Christmas (December 25, 2016)
His parents called him Yeshua, the Aramaic word for Jesus. The scriptures call him Emmanuel, Lord, Messiah, and Prince of Peace, the Christ, the Word of God made flesh.
Each of these wonderful titles gives an insight into the magnificence of Jesus whose birthday we are celebrating. But, there is one name that I think stands above all others. It is the name that comes from the tradition of St. John, the disciple who was closer to Jesus than the others, the one who would accompany him up the mountain of the transfiguration - when he shone like the sun; the one who accompanied him across the Kedron valley to the Garden of Gethsemane the night before he died, the one who stood loyally at the foot of the cross with his mother on Good Friday. He is the disciple whom Jesus loved.
From these experiences, we hear from the tradition of John, God’s final and finest title, the name given that not only names him, but, more importantly, describes his very nature: “God is love.” Jesus, as the word made flesh, is love enfleshed.
At Christmas we celebrate the astounding fact that, at a specific time in the history of humanity, love overflowed the infinite expanses of heaven and burst into our world in the form of a human being, Jesus. Jesus is the gift of the Father to us. He remains with us as we celebrate him here in Eucharist.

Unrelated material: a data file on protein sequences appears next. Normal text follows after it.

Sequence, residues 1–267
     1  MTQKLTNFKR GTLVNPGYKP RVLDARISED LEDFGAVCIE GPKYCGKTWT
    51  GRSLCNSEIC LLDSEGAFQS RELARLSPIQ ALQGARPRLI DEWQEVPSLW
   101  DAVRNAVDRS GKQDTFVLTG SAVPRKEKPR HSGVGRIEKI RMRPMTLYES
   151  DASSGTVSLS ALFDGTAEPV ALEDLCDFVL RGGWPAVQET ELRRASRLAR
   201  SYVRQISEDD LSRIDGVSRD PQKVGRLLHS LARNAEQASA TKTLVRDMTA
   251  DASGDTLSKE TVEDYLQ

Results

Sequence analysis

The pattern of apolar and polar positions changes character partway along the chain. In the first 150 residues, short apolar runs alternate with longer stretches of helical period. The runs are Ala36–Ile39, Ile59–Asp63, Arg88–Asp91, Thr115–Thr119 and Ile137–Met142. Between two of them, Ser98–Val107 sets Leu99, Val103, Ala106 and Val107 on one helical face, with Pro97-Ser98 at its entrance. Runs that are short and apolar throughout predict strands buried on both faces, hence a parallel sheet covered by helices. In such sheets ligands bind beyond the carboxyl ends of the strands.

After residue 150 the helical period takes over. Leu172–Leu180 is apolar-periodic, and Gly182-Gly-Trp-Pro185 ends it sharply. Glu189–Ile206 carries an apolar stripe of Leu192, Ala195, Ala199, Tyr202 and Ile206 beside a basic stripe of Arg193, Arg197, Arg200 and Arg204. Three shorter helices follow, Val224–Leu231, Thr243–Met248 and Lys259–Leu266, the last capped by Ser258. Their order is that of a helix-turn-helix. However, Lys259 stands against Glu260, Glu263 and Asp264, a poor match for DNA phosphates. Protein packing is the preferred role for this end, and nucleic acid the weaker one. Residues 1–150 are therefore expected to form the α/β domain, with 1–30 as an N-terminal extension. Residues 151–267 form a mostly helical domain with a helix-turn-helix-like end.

God who is love has gifted each of us with the gift of being loved and thereby lovable. There is one more step to take in the divine plan: that we share our gift of love with others. Then, God’s love will continue to overflow heaven and through you and me, in a ripple effect, to transform our world. All will be one as the Father and the Son are one in love. Jesus is the reason for the season. He encourages us to carry his love always in our hearts.
A gift is the giving of oneself to another. The gifts we give at Christmas - or any time - are an expression, a stand-in, for ourselves and a continuation of god’s sharing with us. Each gift to another person is another mini-chapter in the ongoing love story.
It may be the gift of our time for friends, family, another. It may be the gift of our talent, the work of our minds and hands - as so many of our forebears have given to us. It may be the gift of our treasure - what we spend of our hard-earned money for family, friends, for those who are dear to us and some whose names we do not even know.
There is a negative experience that makes our positive experience more poignant by contrast. We all feel annoyed at giving a “gift” that is not a real gift from our heart, but an insincere “gift” of obligation or an attempt at manipulation. These are corruptions of the beautiful notion of gift.
Each of us human beings has been shown the models for giving in our Father in heaven and in Jesus, his Son. The gift of Christmas is the gift of love, bestowed and accepted. Our gifts to one another are the ongoing love story we live.